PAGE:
Saudi Arabia announced on Friday that it would allow adult women to obtain passports, travel and work without securing the permission of a male relative, dealing significant blows to the kingdom’s so-called “guardianship” system that has long been criticized by rights campaigners as oppressive to women.
The new regulations, made by the Saudi cabinet and published in a government publication, are the latest in a series of steps by the kingdom’s de facto ruler, Crown Prince Mohammed bin Salman, to shake off the kingdom’s image as one of the world’s most restrictive places for women.
Since his father, King Salman, ascended to the throne in 2015 and began handing tremendous powers to his son, Prince Mohammed has launched initiatives aimed at diversifying the Saudi economy, confronting the kingdom’s regional foes and loosening strict social restrictions by allowing concerts and opening movie theaters.
After the kingdom lifted its longstanding prohibition on women driving in June 2018, activists who had long campaigned against the ban shifted their focus to the kingdom’s so-called “guardianship” system, a mix of laws, regulations and social customs that critics said gave women in the kingdom a status similar to that of minors. Under the system, all women had to have a male “guardian,” usually a father or husband, but sometimes a son or other male relative, whose permission was required for a woman to obtain a passport, travel abroad, get a job or seek certain medical procedures.
The kingdom’s restrictions on women have caused a number to fleein recent years, seeking refuge abroad from controlling or abusive relatives and a legal system they believed would not protect them.
When asked about guardianship in an interview last year, Prince Mohammed suggested that he would like to diminish the regulations but had to balance between Saudis who wanted change and conservative families who did not.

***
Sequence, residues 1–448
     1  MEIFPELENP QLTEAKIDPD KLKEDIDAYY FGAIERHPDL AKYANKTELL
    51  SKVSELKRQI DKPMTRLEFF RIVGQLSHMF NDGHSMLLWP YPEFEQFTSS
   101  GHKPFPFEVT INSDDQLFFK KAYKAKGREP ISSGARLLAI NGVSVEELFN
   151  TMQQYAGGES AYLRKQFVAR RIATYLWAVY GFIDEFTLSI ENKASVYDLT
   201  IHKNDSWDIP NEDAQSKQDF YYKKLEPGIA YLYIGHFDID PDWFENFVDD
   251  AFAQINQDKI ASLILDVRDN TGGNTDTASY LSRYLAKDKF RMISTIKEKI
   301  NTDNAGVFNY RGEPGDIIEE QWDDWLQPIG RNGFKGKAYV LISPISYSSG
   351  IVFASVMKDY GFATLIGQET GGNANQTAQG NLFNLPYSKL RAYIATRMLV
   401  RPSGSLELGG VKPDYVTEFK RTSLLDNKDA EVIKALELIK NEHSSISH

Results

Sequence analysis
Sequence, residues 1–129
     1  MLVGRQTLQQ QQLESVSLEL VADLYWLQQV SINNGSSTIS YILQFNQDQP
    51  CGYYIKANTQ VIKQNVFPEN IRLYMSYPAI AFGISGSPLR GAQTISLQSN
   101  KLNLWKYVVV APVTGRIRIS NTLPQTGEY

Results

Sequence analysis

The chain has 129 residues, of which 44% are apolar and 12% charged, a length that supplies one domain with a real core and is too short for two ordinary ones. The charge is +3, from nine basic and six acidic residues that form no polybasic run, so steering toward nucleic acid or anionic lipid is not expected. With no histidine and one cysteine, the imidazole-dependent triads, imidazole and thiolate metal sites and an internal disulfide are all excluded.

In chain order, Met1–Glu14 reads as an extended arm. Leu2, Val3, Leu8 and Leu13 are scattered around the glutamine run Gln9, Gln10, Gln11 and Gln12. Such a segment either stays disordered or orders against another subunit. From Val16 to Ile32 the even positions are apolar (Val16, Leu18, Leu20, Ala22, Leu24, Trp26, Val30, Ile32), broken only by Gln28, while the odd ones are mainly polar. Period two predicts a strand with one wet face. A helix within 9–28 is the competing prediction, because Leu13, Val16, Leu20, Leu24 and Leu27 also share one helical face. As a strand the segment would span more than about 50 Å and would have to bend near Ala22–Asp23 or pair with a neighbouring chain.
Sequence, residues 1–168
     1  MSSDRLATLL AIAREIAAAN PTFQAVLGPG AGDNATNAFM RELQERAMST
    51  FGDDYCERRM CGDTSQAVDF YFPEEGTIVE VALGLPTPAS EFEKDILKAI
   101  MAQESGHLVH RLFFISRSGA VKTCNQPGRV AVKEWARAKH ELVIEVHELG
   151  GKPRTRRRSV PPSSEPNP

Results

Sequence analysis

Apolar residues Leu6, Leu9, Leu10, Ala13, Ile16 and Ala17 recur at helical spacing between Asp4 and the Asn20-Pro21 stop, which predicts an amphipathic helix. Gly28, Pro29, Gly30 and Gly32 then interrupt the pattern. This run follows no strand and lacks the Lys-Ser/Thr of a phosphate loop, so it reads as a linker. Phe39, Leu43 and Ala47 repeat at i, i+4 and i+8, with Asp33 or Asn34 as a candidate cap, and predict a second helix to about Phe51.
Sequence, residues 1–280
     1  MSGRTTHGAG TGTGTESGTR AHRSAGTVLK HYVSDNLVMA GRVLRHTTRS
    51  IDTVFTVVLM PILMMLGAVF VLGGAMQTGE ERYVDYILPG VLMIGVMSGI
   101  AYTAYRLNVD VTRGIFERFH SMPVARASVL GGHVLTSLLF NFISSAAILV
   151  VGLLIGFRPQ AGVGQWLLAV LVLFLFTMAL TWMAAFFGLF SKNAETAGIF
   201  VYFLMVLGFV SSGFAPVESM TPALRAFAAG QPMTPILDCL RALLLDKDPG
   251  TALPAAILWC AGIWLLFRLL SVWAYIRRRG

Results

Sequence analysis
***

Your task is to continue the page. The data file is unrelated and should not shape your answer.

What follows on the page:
“Saudis don’t want to lose their identity, but we want to be part of the global culture,” he said. “We want to merge our culture with global identity.”
The regulatory changes were published on Friday in Um Al-Qura, a publication that serves as an official gazette, and marked significant steps toward change by placing Saudi men and women on equal legal footing on some issues.
The new regulations give any adult Saudi, regardless of sex, the ability to obtain a passport, travel, register births, marriages and divorces, and serve as the legal guardian of minors. They also declared that “work is the right of the citizen,” and that employers could not discriminate against employees based on sex, age or handicaps.
It remained to be seen how quickly the new regulations would trickle down into Saudi society, where many people remain deeply conservative about gender roles and some men will likely continue to use their power in the home to control women. It could also take time for the changes to take root in the Saudi bureaucracy, where government functionaries often impose restrictions based more on custom than on law.
But many Saudi women — and Saudi men — supported the changes, taking to social media to respond with the Arabic hashtags “No guardianship for women’s travel” and “Thank you Mohammed bin Salman.”